I have a little heuristic which I find useful.  If I see a particular issue going on in at least three companies at the same time, I figure it’s a common and serious enough issue that it’s worth writing about.  In truth, I’ve already written about this from several different angles, but nevertheless I continue to see the problem, even with teams I’ve personally discussed this with.  So in this article I’d like to call the issue out more directly.

I see so many teams focus their discovery work on usability or engineering.  Specifically, addressing user confusion, or addressing performance or reliability issues.  Now, I’m not arguing that usability or reliability is not important.  I am arguing that for many products, this work is analogous to rearranging the deck chairs on the Titanic.  

I say that because what’s really going on is not that the user struggles to get through a work flow, or gets frustrated by a bug or the performance of an operation.  What’s really going on is that the user doesn’t see why they should use the app in the first place.  They don’t see the value.

If the value is there, then people are motivated to figure out how to get done what they need to, and at that point the usability and performance can help optimize the experience.  But that’s a big if.  Without that value, I’ve seen teams literally spend months pounding away on design and engineering work, without moving the needle in any appreciable way.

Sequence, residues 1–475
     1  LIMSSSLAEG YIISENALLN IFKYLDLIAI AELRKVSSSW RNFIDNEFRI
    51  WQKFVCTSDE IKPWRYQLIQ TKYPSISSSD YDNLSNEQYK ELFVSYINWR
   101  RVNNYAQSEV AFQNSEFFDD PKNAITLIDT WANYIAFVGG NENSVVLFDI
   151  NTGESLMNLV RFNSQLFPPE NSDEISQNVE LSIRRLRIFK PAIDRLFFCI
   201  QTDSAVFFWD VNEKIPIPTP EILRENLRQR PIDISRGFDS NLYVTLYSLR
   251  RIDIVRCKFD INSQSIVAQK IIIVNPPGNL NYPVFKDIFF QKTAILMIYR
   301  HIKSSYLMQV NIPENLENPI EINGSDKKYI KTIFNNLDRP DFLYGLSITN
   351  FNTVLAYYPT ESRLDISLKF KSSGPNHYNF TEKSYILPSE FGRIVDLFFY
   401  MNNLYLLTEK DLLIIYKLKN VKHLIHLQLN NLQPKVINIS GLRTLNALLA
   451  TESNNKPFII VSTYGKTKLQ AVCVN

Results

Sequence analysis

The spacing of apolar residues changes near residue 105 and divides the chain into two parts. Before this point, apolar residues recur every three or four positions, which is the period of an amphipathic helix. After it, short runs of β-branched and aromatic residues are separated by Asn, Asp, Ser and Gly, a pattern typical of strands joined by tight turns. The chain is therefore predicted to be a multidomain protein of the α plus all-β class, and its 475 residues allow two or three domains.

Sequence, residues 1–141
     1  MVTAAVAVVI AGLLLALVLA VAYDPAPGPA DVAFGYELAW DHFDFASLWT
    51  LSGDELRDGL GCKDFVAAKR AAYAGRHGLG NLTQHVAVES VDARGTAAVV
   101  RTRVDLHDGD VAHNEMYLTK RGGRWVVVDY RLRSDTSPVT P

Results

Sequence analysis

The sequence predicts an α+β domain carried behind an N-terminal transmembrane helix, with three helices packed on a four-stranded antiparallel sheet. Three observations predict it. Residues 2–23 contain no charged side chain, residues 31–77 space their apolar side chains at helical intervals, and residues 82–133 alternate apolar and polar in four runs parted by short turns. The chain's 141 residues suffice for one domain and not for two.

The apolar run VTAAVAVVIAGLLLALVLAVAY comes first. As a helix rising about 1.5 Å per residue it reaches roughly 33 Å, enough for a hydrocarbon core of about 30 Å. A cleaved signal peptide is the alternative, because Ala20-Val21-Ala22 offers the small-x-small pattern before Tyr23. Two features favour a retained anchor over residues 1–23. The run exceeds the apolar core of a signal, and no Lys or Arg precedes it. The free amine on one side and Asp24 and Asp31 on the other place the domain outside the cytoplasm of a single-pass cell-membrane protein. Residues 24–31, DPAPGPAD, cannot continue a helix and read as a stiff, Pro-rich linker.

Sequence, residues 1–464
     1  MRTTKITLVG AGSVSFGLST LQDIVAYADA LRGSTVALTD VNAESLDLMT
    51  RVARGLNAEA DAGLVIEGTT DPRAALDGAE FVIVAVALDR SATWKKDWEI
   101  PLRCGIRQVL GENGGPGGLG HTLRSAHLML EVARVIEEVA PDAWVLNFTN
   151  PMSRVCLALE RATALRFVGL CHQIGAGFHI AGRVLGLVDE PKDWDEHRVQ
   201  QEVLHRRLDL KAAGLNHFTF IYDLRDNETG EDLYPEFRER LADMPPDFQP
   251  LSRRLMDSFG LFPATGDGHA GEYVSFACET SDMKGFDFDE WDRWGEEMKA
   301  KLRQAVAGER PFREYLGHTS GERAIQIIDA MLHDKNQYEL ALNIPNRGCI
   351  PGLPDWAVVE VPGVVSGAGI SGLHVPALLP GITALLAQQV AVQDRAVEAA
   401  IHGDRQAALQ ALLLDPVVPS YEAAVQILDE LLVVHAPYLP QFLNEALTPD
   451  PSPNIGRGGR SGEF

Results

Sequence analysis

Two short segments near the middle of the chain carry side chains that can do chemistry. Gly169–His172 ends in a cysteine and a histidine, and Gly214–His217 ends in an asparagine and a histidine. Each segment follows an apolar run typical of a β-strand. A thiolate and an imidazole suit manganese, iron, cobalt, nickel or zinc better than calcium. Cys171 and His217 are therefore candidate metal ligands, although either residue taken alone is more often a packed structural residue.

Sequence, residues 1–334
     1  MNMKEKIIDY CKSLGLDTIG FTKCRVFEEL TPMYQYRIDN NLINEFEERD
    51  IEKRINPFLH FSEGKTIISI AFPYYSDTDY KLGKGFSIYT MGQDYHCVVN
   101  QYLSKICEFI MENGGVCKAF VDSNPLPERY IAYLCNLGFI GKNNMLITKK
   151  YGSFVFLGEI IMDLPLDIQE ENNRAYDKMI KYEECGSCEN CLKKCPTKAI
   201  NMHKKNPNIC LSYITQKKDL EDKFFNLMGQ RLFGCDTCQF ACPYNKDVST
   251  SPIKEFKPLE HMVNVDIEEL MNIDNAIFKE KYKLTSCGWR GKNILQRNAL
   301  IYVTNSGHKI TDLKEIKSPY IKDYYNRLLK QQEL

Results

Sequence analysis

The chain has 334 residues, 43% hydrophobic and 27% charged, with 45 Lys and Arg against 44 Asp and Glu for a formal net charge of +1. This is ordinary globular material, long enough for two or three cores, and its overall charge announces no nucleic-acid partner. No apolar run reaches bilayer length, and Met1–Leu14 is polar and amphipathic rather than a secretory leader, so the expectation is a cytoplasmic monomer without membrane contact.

One of the things I’ve said for many years is that if you’re just using your engineers to code, you’re only getting about half their value.  I say the same thing about designers (albeit less pithy): if you’re only using your designers to create the interaction and visual design, you’re only getting about half the value of your designers.

The real contribution of a strong engineer or a strong designer is in helping to discover ways to create the necessary value.  The engineer focuses on applying technology in new ways that are just now possible, and the designer zeroes in on the user’s real pain.

And of course true product management is all about creating that value.

Contrast that with the typical product team laboring away on their roadmap items, where each item on that roadmap presumes the value.

Now I have seen teams report up to management: “the problem is that our customer’s don’t want that feature” or “don’t want to use the app.”  While that may be true, and you may need to show that, that’s not especially helpful.  Our job is to discover what would make this valuable, so the users choose to use the app.

Good teams know they’re responsible for results or outcome, not output.  And for most product work, you won’t get the outcome you need without value.

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